Recovery is the most essential piece of the pie in the realm of rehab and training, but it is often overlooked. Recovery allows for improved performance not just in sport, but with everyday activities. It allows our body to heal itself and prepare for the tasks and demands of everyday life. Adequate recovery strategies mitigate future injury risk. Recovery is multifaceted and does not just mean muscle repair. Recovery involves chemical and hormonal balance, nervous system repair, mental state, and more.
Sleep, nutrition, hydration, and rest are underutilized aspects of recovery. Too often we see technology and tools being overvalued for recovery. These tools can certainly play a role in how we feel post exercise but making small changes to our lifestyle is cost free and effective.
One of the simplest things to do is get a good night’s sleep. Sleep is incredibly important for your overall health. In fact, it is just as important as diet and exercise. According to the American Academy of Sleep Medicine, duration and quality of sleep are directly linked to health and bodily functions. Adults require approximately 7-9 hours of sleep per night for healing processes to occur. Chronic illness such as diabetes, cardiovascular disease, obesity, kidney disease, stroke, and depression, can be worsened with poor sleep hygiene. In teens, children, and adults, not hitting the recommended amount of sleep is associated with increased risk of injury.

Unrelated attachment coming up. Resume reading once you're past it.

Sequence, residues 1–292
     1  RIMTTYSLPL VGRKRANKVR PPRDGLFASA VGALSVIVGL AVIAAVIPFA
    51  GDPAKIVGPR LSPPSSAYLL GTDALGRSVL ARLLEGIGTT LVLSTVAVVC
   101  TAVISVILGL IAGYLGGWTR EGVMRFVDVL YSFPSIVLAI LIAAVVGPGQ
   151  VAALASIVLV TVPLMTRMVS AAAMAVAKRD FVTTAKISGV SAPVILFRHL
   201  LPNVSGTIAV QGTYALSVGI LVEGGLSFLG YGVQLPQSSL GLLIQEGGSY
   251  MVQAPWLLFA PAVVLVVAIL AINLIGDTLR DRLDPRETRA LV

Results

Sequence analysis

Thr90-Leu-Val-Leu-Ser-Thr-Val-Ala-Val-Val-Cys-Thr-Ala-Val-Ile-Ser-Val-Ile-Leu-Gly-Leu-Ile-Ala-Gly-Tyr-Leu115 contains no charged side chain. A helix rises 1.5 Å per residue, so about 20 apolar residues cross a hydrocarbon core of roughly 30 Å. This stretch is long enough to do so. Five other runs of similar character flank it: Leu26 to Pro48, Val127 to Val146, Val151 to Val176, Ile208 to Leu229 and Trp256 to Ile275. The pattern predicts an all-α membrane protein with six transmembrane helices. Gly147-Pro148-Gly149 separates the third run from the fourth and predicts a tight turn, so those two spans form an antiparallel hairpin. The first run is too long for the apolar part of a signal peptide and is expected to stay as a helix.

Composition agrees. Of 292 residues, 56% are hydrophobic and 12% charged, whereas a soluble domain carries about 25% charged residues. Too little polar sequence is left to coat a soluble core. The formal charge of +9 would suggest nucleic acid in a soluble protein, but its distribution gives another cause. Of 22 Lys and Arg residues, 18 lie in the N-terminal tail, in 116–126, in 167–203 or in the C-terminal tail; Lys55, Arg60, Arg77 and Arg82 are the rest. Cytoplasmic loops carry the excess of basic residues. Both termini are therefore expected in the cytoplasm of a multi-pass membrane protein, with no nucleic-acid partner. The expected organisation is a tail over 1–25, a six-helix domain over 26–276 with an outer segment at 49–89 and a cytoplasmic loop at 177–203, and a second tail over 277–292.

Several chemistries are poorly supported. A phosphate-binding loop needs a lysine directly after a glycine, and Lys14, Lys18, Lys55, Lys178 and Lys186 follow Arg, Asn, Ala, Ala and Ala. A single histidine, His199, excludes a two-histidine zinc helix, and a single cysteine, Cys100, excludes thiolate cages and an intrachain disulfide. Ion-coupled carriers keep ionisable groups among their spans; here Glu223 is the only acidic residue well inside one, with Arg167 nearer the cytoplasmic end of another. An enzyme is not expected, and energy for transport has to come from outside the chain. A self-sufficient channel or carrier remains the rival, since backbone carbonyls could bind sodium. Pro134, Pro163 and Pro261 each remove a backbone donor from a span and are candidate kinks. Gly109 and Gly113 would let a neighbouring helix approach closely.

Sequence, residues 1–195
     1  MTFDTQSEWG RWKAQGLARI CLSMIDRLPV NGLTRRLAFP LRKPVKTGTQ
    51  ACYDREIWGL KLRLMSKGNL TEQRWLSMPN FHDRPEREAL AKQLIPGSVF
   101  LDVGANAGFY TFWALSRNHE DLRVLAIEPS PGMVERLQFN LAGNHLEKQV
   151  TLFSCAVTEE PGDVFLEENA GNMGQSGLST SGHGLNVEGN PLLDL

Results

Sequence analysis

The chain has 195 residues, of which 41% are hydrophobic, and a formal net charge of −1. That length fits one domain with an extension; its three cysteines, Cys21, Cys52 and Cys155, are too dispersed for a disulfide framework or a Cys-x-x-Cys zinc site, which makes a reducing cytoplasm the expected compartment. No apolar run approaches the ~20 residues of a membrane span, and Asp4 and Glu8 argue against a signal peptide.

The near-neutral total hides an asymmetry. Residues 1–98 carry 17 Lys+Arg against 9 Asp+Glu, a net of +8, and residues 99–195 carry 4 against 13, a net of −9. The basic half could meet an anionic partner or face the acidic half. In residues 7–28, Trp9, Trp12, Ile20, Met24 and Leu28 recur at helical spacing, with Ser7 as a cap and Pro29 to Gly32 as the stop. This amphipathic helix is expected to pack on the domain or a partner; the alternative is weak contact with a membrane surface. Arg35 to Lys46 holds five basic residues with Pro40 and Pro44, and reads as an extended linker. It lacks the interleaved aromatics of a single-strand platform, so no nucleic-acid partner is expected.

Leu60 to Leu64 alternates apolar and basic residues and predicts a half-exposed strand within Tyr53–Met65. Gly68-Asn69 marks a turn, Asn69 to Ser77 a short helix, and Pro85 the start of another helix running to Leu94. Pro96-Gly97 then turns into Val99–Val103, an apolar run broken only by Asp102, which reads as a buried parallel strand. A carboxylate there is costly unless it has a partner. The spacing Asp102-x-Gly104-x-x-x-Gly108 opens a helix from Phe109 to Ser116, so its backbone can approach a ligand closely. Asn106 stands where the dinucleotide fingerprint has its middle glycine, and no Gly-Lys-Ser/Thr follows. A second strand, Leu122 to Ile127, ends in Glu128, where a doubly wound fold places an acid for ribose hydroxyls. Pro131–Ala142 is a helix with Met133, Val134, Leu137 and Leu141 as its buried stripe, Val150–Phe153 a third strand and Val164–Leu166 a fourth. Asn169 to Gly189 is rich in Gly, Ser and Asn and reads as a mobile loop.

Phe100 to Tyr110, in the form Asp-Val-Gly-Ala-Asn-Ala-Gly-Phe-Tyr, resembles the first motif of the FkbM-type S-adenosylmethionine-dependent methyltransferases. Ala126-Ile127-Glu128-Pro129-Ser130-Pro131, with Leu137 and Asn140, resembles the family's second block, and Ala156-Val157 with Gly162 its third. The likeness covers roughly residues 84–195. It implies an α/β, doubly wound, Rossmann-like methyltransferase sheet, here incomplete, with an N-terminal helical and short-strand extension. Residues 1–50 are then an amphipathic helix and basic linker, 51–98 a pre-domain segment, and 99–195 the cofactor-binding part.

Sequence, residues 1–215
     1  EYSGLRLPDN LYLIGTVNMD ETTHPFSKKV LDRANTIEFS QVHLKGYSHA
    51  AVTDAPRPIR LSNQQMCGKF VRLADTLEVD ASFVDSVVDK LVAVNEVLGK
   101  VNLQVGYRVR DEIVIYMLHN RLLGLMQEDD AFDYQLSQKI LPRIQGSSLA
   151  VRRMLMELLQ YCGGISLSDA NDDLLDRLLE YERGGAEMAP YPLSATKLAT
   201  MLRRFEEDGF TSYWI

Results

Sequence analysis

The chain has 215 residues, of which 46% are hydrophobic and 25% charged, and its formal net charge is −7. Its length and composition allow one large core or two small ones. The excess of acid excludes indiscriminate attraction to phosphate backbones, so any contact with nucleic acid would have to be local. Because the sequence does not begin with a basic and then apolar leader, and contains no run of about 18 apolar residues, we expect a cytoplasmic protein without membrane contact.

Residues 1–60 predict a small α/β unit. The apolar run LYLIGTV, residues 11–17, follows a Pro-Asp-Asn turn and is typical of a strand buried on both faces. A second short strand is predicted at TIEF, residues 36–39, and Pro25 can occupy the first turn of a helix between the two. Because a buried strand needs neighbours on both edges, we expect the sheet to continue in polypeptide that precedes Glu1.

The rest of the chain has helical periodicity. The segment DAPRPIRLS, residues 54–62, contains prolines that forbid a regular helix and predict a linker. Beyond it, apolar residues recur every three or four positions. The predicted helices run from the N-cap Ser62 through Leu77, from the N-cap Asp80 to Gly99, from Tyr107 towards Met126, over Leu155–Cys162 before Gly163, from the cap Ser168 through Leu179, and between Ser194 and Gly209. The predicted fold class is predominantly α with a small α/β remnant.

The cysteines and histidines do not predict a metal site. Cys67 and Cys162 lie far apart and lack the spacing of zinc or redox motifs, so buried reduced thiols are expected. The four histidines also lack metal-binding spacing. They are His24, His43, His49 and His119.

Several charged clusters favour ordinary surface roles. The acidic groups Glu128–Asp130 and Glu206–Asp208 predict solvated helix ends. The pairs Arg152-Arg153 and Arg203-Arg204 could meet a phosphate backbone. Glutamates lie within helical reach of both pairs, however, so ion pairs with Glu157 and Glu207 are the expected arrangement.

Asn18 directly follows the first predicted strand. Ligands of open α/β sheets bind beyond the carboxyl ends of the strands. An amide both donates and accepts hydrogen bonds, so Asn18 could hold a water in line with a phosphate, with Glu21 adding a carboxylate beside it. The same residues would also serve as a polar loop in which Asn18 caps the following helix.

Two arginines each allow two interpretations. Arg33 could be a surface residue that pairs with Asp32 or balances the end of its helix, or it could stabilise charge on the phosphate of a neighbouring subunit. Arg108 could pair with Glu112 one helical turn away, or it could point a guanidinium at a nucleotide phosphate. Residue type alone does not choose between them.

Though sleep may seem easy task, many of us struggle to get the recommended hours. To alleviate some sleep related anxiety, try implementing a nightly routine to prepare for bedtime. Limit screen time an hour before bed. Our body’s circadian rhythm (or 24-hour cycle) is heavily affected by light exposure. Reading a cell phone or watching a bright TV screen late at night can disturb natural levels of melatonin, the hormone responsible for our sleep/wake cycle. Instead, try reading, writing, or stretching to unwind your mind and body. Make sure the bedroom is reserved for sleeping only. In other words, do not work, eat, or perform regular tasks in bed, as it is meant for sleeping! More information on sleep hygiene tips can be found on our South Jersey PT Instagram page.
Nutrition & Hydration
Nutrition and hydration are the fuel that keeps us moving. Hydration is critical to health. All our metabolic and biologic processes require water for proper function. A simple way to remain hydrated is to drink about half of your body weight in ounces per day. For example, if you weigh 150 pounds, that would be 75 ounces of water a day. This may sound excessive but it’s important to keep in mind that our body composition is made up of about 50-70% water.
In addition to water intake, what you eat has the potential to help your body heal. The type and quantity of macronutrients, as well as the timing of consumption, can have a major impact on performance, recovery, and overall health. Macronutrients are carbohydrates, proteins, and fats, which are all vital for life-sustaining functions of the human body. Eating balanced meals is key for recovery, as macronutrients are the building blocks of our energy systems.
Lastly, knowing when to rest is key. In training and rehab, we are stressing our tissues to adapt to the demands of life. Taking rest periods and active resting days are part of the process, as they allow time for these tissue adaptations to occur. Rest is necessary not just for physical recovery, but neurological and mental functioning as well.